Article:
Coastal Zone Management Act and Related Legislation
Purpose and Organization
In recognition of the increasing pressures of development on the nation's coastal resources, Congress enacted the Coastal Zone Management Act (CZMA) in 1972 and has amended it several times (16 U.S.C. 1450 et seq.). The CZMA encourages states to preserve, protect, develop, and, where possible, restore or enhance valuable natural coastal resources such as wetlands, floodplains, estuaries, beaches, dunes, barrier islands, and coral reefs, as well as the fish and wildlife using those habitats. A unique feature of the CZMA is that participation by states is voluntary. To encourage their participation, the act makes federal financial assistance available to any coastal state or territory, including those on the Great Lakes, that is willing to develop and implement a comprehensive coastal management program.
The Secretary of Commerce delegated the administration of the CZMA to the National Oceanic and Atmospheric Administration (NOAA). NOAA's Office of Ocean and Coastal Resource Management (OCRM) administers individual state programs. OCRM oversees programs in 34 of the 35 coastal states and territories; Illinois, the only state not participating as of early 2006, is also considering developing a program. The CZMA does not apply to states that are not CZMA participants or whose programs have not received OCRM approval.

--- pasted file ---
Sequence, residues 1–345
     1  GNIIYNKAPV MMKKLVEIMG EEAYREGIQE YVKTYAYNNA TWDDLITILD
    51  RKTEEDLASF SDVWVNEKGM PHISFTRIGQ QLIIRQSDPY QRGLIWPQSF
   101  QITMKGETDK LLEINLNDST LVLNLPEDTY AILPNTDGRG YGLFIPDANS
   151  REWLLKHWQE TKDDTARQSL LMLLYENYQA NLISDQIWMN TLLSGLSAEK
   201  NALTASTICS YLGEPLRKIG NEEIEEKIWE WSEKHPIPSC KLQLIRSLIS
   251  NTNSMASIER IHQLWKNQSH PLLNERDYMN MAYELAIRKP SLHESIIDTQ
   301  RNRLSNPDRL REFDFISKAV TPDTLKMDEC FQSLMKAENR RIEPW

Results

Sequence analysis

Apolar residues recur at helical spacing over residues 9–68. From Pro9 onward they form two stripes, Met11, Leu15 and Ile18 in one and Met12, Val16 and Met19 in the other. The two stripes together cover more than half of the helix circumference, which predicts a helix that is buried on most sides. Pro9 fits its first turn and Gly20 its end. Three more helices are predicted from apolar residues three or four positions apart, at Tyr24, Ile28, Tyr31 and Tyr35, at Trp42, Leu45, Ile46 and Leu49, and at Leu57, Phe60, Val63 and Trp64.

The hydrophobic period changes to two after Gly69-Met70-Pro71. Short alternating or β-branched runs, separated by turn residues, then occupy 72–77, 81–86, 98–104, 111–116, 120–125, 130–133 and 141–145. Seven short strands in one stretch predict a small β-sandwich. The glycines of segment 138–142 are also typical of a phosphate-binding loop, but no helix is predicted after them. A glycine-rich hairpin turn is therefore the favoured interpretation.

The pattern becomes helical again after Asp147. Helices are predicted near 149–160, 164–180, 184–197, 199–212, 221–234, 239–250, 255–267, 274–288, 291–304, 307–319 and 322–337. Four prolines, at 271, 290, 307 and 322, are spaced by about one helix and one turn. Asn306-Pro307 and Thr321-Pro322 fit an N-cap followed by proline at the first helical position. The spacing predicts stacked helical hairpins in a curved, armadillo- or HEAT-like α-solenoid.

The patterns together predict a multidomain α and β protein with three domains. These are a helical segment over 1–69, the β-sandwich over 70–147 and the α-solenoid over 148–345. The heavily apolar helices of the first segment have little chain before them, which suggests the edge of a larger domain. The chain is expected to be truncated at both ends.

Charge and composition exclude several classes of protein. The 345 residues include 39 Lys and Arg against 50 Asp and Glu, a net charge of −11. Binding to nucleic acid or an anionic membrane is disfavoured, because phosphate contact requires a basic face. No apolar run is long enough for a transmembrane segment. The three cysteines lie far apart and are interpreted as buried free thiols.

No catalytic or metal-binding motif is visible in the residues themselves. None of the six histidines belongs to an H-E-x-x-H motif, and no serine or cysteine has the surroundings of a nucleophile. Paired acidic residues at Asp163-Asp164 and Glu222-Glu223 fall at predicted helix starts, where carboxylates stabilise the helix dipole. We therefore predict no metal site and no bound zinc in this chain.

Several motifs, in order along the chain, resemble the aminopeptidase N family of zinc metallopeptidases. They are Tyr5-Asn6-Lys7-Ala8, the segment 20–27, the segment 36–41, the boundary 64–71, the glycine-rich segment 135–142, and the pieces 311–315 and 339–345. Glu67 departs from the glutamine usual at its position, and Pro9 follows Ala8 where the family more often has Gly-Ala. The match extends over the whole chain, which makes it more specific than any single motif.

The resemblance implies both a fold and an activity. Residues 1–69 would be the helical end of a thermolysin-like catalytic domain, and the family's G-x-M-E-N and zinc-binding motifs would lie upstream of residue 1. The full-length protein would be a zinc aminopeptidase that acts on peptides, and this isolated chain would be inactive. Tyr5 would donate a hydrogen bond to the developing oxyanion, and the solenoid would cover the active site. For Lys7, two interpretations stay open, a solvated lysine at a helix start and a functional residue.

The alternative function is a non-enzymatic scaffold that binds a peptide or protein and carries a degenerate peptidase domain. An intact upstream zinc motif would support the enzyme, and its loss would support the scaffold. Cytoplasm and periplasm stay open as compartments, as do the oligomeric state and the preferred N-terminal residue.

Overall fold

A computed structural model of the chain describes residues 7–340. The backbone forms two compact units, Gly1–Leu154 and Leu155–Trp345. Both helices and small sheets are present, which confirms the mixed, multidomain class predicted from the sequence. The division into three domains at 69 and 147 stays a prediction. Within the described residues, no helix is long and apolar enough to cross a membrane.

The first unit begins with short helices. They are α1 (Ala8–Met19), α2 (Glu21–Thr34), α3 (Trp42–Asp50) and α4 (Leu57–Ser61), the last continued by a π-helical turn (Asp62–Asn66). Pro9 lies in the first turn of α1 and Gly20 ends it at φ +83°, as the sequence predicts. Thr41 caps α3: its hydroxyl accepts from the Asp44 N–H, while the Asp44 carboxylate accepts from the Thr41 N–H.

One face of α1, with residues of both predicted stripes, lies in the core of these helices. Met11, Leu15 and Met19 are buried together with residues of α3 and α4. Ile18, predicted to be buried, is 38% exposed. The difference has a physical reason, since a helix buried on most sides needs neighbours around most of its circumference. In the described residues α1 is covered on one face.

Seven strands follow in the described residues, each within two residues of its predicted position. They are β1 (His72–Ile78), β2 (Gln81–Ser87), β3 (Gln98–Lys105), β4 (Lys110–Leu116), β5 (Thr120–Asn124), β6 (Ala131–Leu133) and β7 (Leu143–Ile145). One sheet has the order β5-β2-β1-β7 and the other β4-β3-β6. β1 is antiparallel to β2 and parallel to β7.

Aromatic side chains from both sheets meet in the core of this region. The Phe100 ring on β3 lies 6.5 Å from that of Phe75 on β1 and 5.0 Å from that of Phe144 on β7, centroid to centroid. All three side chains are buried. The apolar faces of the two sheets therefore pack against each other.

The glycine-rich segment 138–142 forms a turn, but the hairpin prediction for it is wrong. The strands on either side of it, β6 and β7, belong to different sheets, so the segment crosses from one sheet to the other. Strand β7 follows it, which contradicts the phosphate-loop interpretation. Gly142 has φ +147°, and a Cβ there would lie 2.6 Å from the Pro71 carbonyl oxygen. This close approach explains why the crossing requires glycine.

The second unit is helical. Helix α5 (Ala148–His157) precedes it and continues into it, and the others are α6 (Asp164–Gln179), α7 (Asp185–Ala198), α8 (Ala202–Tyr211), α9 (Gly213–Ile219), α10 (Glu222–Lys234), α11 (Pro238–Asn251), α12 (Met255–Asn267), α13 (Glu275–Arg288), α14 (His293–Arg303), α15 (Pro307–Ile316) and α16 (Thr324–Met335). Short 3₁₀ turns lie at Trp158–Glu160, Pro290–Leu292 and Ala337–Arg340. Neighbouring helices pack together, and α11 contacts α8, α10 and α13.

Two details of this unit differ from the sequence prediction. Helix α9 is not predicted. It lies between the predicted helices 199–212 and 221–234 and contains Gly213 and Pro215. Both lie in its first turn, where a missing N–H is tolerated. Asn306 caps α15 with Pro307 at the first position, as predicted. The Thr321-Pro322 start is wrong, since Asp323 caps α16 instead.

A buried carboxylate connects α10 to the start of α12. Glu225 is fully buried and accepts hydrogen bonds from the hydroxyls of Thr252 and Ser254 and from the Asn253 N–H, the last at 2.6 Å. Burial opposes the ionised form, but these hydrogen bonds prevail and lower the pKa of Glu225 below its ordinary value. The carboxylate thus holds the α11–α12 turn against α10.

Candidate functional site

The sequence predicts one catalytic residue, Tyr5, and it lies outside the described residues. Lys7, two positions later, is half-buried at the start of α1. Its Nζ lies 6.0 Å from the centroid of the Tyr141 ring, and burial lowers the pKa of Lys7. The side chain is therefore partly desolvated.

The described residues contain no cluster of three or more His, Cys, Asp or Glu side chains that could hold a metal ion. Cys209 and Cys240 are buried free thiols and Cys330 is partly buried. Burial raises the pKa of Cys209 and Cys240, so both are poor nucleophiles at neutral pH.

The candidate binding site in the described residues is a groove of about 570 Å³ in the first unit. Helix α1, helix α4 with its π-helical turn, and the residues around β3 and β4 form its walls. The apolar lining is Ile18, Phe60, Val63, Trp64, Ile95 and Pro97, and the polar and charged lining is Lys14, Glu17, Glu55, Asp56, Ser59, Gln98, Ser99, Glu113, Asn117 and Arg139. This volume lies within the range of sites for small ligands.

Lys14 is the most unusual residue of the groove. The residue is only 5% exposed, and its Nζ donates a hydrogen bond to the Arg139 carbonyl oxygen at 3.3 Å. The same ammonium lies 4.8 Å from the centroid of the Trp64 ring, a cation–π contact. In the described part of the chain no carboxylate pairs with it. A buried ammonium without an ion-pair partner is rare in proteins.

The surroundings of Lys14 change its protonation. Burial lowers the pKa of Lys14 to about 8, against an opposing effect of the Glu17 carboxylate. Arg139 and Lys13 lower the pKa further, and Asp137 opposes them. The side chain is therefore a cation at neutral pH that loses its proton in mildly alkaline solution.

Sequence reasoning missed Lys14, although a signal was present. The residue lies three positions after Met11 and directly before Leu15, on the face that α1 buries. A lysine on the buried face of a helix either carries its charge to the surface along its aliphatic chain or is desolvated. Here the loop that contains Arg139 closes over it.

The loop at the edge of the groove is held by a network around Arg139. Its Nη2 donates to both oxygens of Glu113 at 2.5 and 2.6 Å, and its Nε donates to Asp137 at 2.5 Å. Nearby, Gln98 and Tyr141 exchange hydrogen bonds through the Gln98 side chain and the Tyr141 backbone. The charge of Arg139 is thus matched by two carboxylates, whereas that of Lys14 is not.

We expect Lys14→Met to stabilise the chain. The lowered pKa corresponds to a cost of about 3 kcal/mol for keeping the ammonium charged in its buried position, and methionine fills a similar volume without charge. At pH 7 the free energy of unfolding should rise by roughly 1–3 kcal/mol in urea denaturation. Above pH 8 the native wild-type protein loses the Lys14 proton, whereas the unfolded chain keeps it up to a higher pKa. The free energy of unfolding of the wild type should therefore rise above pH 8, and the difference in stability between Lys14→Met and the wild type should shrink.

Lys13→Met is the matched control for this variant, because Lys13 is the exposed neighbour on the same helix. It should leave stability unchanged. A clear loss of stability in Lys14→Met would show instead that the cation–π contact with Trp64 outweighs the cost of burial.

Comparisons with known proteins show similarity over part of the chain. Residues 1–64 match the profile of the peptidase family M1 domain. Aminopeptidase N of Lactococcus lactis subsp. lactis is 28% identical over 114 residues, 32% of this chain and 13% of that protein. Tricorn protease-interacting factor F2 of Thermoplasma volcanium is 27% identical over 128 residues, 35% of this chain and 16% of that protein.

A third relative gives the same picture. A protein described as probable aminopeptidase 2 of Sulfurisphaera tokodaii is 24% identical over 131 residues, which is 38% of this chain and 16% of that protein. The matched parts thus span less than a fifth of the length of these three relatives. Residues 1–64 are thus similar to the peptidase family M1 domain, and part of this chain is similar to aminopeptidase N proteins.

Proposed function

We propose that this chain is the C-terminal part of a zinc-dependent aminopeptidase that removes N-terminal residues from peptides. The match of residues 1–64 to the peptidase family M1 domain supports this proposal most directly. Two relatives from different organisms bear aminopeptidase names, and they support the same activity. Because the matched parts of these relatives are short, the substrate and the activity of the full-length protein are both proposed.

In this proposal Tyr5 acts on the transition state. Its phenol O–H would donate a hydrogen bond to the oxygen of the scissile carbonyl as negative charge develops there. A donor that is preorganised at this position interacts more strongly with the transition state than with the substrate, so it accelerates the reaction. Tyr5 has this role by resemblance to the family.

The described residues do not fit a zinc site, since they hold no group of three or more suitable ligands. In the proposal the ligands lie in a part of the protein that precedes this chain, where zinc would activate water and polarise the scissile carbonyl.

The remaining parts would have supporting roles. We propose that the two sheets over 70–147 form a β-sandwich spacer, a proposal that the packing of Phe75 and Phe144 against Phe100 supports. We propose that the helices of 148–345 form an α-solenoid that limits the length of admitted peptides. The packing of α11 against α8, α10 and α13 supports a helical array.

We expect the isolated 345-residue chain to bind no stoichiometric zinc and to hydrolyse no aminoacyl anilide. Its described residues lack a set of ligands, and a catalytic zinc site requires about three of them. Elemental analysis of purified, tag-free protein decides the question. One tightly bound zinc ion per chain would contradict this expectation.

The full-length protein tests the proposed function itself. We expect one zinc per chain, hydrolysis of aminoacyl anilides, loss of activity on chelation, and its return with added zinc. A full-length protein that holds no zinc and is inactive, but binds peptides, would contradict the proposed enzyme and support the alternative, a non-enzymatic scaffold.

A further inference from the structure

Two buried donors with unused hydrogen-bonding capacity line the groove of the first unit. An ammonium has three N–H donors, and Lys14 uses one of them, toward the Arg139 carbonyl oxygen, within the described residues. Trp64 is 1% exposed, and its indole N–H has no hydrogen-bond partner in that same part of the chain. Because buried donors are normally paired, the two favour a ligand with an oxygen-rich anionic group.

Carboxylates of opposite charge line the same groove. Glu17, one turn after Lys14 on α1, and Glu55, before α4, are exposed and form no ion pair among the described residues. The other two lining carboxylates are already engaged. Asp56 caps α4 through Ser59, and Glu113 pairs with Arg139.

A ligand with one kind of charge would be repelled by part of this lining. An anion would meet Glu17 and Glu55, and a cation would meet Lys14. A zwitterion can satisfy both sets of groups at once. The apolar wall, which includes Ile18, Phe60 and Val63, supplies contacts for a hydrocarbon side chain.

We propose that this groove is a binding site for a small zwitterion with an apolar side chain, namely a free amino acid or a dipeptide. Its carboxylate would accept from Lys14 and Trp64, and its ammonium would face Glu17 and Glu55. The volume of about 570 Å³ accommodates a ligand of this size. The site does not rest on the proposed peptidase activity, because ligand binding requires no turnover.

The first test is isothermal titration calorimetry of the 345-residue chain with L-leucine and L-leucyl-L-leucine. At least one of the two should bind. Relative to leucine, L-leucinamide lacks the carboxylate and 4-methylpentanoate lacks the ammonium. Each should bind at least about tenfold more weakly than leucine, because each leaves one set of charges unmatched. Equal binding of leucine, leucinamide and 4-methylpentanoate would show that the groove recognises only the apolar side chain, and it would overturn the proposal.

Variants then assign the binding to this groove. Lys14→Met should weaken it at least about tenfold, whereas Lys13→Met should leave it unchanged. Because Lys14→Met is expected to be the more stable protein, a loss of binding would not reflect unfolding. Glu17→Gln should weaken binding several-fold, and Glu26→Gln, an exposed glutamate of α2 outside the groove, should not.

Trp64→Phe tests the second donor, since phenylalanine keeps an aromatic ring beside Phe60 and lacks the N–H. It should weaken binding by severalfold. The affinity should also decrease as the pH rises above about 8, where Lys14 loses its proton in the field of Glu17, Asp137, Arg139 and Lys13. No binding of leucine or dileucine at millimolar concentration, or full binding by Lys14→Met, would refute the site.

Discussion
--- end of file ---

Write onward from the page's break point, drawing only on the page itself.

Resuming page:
The CZMA specifies that coastal states may protect coastal resources and manage coastal development. A state with an OCRM-approved program can deny or restrict any development that is inconsistent with its coastal zone management program. This specification affects DOE development activities and may influence ongoing DOE activities. The section of the act most significant to DOE is Section 307, "Coordination and Cooperation."
Provisions for Federal Agency Actions